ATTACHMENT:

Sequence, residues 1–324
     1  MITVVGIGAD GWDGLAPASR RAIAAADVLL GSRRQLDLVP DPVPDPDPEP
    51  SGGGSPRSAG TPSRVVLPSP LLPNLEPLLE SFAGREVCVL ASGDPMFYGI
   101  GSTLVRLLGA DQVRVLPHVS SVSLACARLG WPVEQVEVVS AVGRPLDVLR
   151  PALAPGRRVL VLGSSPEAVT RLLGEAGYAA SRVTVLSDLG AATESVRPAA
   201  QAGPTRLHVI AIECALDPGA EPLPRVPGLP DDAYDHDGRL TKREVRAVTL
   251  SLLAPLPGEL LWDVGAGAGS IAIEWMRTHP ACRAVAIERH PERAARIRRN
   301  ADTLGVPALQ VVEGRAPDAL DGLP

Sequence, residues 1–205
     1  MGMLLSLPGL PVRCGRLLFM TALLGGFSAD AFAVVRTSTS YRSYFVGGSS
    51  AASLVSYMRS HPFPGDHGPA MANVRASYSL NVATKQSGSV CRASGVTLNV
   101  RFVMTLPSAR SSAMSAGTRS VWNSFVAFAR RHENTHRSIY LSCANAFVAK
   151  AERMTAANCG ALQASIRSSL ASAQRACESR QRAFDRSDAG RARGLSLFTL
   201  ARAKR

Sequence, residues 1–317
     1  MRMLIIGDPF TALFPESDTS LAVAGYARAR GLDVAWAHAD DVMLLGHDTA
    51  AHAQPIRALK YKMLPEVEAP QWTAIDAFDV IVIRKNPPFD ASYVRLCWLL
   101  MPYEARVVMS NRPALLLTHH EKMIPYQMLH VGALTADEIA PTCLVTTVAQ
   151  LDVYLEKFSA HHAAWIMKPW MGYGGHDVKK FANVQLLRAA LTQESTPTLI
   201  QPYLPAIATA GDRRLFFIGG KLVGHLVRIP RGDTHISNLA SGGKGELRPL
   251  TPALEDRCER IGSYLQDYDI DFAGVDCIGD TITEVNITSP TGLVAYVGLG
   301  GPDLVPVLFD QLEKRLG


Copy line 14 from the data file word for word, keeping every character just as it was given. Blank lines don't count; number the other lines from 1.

   201  ARAKR